“Letters show that the Attorney General’s office expected to arrest 600 people from New York and 200 from New Jersey per month and hold them on Ellis Island. On Dec. 8, 1941, the day after the [Pearl Harbor] attack, the roundup began. Internees were housed in the baggage and dormitory building behind the Great Hall.”
The Ellis Island Reception center held people whose loyalty was in question. Of those interned, there was evidence that some had pro-Axis sympathies. Many others were interned based on weak evidence or unsubstantiated accusations of which they were never told or had little power to refute.  During the first two years of the war, Ellis Island was used primarily as a transit and holding camp. By January 1943, the population of German internees had stabilized at about 350 enemy aliens and their dependents. Upon arrival prisoners would have their clothes replaced with a pair of American army shoes, khaki socks, shirt, and underwear.
How did this come to pass?
In 1940, the Alien Registration Act was passed requiring all aliens aged 14 and older to register with the US government. On Dec. 7, 1941, pursuant to the Alien Enemy Act of 1798, Roosevelt issued three Presidential Proclamations 2525, 2526 and 2527 branding German, Italian and Japanese nationals as enemy aliens, authorizing internment and travel and property ownership restrictions. A blanket presidential warrant authorized U.S. Attorney General Francis Biddle to have the FBI arrest a large number of "dangerous enemy aliens" based on the Custodial Detention Index. Hundreds of German aliens were arrested by the end of the day. The FBI raided many homes and hundreds more were detained before war was declared on Germany on December 11.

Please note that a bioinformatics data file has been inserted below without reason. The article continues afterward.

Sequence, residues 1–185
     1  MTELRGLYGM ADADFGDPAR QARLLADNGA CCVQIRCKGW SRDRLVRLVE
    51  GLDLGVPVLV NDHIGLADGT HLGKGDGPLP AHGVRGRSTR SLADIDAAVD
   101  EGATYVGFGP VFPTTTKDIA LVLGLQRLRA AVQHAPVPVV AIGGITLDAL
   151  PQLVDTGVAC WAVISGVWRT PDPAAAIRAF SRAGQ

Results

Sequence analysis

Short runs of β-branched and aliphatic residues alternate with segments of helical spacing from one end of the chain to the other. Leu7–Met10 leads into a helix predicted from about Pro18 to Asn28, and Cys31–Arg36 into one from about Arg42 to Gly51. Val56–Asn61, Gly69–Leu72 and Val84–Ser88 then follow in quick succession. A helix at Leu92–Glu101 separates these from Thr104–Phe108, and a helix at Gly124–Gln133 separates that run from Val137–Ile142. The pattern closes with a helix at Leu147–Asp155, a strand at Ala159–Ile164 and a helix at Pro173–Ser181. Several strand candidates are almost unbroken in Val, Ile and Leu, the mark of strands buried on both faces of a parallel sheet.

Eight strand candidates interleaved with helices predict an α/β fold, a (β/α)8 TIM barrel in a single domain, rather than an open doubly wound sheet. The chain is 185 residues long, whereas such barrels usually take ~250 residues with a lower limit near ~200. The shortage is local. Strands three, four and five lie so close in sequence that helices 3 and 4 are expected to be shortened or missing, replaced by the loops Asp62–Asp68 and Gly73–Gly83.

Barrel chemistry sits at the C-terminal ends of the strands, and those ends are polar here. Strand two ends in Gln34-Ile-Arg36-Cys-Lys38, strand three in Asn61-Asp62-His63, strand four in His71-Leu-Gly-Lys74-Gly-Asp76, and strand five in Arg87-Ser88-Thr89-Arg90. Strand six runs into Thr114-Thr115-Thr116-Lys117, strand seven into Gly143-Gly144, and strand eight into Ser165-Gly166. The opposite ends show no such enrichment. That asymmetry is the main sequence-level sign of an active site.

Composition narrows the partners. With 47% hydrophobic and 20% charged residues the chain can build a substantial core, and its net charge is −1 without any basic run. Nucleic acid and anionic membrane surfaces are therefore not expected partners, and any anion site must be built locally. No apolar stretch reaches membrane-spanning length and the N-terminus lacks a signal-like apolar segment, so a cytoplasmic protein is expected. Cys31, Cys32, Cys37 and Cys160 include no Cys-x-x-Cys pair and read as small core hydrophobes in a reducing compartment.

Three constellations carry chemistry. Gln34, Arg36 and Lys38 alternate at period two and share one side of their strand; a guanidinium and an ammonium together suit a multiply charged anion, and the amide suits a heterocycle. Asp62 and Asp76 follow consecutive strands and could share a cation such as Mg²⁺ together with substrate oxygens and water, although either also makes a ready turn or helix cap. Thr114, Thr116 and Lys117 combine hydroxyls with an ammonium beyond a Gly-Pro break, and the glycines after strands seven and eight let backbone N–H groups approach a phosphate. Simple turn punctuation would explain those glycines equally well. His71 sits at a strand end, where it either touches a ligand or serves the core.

On January 14, 1942, the Attorney General issued regulations pursuant to Presidential Proclamation 2525-2527 and 2537 requiring application for and issuance of certificates of identification to all "enemy aliens" aged 14 and older and outlining restrictions on their movement and property ownership rights. Approximately one million enemy aliens reregistered, including 300,000 German-born aliens, the second largest immigrant group at that time. Applications were forwarded to the Department of Justice's Alien Registration Division and the FBI. Any change of address, employment or name had to be reported to the FBI. Enemy aliens were prohibited from entering federally designated restricted areas. If enemy aliens violated these or other applicable regulations, they were subject to "arrest, detention and internment for the duration of the war."
U.S. President Franklin D. Roosevelt issued the now infamous Executive Order 9066 on February 19, 1942 authorizing the Secretary of War to prescribe certain areas as military zones. Eventually, EO 9066 cleared the way for the incarceration of Japanese Americans, as well as Italian Americans and German Americans in internment camps. In total, 10,905 people of German ancestry were interned, along with 3,278 people of Italian ancestry not counting spouses and children who voluntarily joined internees.